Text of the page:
The Fate of Galt's Gulch Chile
By Wendy McElroy - August 25, 2014

Many have wondered about the status of Galt's Gulch Chile (GGC), the libertarian community that was planned and sold in lots as a liberty oasis for those who wished to live freedom before they died. My husband and I purchased an option on 1.25 acres in July 2013. Others bought 10- or 25-acre lots and some invested in the agricultural side of the venture; extremely savvy investors committed small fortunes. GGC has been an unexpectedly wild ride since then.

Shortly after purchasing, I received an unsigned email through the webform of a site I maintain. It informed me that GGC was a fraud. One reason: GGC lacked water rights. In Chile, purchasing surface land and water rights are two separate processes. GGC is desert terrain, rather like California, and water rights are absolutely necessary for a community to be established. I responded to the email but the message bounced back to me. I did a search on the email's IP address and it became apparent that the sender had used an anonymizer.

I forwarded the email to the two joint owners of GGC. My inquiry was not hostile but it stirred quite a reaction. They immediately recognized the source as a former employee who had threatened to tell people "like me" about the problem if they did not pay him hush money. (The emailer was also an old movement acquaintance of mine.)

Fast forward through many unpleasant details... The man was paid off. GGC acquired more land, which had water rights that were both attached and transferable.

A GGC celebration was held in November 2013. The alleged purpose was for people to finalize the selection of lots and other paperwork. No selection took place because no zoning permits had been obtained. A GGC celebration was held this April, with my husband and me in attendance. Indeed, I was the opening speaker. (BTW, I have made no money from the project other than the speaking fee.) The alleged purpose was for people to finalize the selection of lots and other paperwork. No selection took place because no zoning permits had been obtained.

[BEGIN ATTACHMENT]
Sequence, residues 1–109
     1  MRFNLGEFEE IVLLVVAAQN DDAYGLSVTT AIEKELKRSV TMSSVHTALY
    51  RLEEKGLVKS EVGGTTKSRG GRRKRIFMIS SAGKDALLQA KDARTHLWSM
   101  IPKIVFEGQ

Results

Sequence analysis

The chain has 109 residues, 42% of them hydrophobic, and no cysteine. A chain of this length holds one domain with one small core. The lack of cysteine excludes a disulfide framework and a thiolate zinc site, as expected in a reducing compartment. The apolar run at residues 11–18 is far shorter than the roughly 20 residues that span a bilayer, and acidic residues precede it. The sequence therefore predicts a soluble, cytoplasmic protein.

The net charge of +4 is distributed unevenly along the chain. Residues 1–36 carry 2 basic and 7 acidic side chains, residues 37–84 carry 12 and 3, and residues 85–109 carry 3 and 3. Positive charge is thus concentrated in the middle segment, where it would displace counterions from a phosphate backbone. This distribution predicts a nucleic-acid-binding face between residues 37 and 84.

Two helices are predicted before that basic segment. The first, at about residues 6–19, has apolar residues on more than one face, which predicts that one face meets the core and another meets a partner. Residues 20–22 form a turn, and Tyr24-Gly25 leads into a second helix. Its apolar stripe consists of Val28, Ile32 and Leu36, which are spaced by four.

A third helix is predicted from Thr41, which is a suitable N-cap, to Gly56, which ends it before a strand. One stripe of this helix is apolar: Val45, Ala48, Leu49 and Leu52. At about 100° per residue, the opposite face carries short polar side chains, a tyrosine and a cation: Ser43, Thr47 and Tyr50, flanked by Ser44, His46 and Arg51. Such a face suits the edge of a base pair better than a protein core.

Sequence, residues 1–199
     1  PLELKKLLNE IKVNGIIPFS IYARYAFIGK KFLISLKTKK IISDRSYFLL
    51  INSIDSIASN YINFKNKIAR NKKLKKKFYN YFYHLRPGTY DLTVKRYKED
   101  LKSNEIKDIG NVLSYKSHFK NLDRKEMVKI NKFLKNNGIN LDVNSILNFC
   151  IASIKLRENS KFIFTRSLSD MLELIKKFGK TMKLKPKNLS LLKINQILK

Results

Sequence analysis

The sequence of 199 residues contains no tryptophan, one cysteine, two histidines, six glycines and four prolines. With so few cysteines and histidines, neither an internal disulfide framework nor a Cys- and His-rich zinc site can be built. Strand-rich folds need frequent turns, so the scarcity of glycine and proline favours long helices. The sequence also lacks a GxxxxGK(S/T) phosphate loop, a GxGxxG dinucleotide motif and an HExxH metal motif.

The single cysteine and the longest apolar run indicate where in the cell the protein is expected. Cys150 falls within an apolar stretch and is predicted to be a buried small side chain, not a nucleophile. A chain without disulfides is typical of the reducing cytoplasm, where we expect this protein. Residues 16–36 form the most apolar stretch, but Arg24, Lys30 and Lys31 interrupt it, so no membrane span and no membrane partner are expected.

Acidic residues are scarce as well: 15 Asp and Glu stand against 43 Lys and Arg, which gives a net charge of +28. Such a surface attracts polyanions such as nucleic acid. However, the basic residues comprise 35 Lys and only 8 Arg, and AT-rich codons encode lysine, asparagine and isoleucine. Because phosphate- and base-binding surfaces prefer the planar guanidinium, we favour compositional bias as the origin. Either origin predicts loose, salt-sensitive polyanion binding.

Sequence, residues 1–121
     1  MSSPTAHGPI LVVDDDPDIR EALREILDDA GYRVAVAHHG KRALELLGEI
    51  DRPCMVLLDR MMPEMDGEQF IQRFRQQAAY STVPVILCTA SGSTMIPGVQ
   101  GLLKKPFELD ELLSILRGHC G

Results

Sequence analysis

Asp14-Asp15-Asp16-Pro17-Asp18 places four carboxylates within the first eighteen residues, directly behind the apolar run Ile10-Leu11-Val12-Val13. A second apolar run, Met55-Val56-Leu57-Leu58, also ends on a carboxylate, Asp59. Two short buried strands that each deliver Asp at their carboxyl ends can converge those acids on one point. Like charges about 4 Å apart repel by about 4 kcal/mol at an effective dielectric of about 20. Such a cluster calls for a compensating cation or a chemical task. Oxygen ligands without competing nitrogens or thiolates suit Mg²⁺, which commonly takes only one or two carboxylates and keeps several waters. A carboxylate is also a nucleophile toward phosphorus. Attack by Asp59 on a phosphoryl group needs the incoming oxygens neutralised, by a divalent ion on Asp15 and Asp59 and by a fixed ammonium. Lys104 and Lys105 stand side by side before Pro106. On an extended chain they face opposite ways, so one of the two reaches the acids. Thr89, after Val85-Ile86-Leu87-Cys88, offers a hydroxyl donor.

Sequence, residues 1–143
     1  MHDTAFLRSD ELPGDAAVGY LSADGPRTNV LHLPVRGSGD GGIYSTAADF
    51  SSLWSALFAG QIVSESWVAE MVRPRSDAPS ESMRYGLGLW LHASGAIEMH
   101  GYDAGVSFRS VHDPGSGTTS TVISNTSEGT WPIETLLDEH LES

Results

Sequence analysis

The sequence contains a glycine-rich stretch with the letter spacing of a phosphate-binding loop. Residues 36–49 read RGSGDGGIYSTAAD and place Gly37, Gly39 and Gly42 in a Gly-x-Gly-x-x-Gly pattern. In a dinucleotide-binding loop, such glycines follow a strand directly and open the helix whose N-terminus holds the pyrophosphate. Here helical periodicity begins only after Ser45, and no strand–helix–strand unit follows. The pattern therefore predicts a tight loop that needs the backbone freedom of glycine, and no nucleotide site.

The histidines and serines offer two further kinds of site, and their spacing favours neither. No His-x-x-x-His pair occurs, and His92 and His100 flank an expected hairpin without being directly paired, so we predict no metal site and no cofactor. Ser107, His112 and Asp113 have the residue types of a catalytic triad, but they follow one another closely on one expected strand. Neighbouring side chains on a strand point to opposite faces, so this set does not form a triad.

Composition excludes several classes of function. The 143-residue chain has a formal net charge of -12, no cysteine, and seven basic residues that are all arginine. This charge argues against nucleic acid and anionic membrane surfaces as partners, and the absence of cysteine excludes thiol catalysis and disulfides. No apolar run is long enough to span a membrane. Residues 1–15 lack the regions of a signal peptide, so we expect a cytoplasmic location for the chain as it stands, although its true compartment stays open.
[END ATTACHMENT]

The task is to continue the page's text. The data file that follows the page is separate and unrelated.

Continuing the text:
Unbeknown to most purchasers, dramatic changes had occurred behind the scenes. Through maze-like transfers of cash and authority, Ken Johnson took control of the project. I have sorted out most of the obfuscating tangle and I may soon be writing a history of the labyrinthine matter. For the moment, suffice it to say there is basis for various lawsuits; some are being pursued.

There will be no zoning for the 1.25-acre lots or other arrangements of less than 10 acres. Lots over 10 acres are beyond my ken. GGC is an environmentally protected area and it would take the political movement of heaven and earth to allow a community based on small lots to be officially approved. I had the opportunity to ask a question of the salesman who showed my husband and me "our property." I claimed it because I fell head over heels for the most beautiful tree I've ever seen. I felt an instant connection as though the two of us were old souls who had found each other. I could believe it, I could see it... waking up each morning and having coffee under that tree, telling it about my plans for the day. Months later, in a Skype conference, I asked the then-GGC-alienated salesman, "When you 'sold' us the property, when you printed out a photo from your phone that read 'Wendy's tree,' did you know you could not legally sell us the lot you were offering?" He said, "That is correct."

I suppose there is some comfort in being fleeced in good company, in being in the company of some of the smartest businessmen in the movement. I am not reassured. Perhaps it is because I am an Irish peasant and what reassures me is owning the land under my feet.

But something reassuring is happening. For a few months now, what I call "the founding fathers" have been trying to purchase all rights to GGC and to reboot. It is not just a financial investment to them. They want to live in a community with like-minded people; they want the promise of freedom. I don't know if they can succeed but I support them.

There are genuine problems that should discourage all and any from currently investing in GGC. For example – and just one of many, many examples – GGC owes immense debts to vendors in the closest town of Curacavi. Brad and I spent two weeks there and fell in love with the people, the town, the experience. But GGC owes hundreds and hundreds of thousands of dollars to hardware stores, service providers... ordinary Chileans who are acutely harmed by the project's malfeasance. They will be and should be first in line for repayment from any legal actions. GGC is heavily encumbered with no good outcome in the near future.

I continue to admire the founding fathers of GGC and I do nothing but wish them success. I hope to be part of the resolution. But no one, no one should invest their hard-earned money in this venture before a resolution is clear. I don't want to have you on my conscience.

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